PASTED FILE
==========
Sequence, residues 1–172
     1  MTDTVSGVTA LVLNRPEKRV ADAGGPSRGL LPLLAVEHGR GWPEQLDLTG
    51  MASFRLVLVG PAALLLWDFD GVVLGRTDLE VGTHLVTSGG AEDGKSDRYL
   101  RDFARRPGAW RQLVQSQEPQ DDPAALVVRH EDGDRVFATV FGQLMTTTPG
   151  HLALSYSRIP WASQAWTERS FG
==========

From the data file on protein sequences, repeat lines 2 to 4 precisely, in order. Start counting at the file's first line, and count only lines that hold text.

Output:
     1  MTDTVSGVTA LVLNRPEKRV ADAGGPSRGL LPLLAVEHGR GWPEQLDLTG
    51  MASFRLVLVG PAALLLWDFD GVVLGRTDLE VGTHLVTSGG AEDGKSDRYL
   101  RDFARRPGAW RQLVQSQEPQ DDPAALVVRH EDGDRVFATV FGQLMTTTPG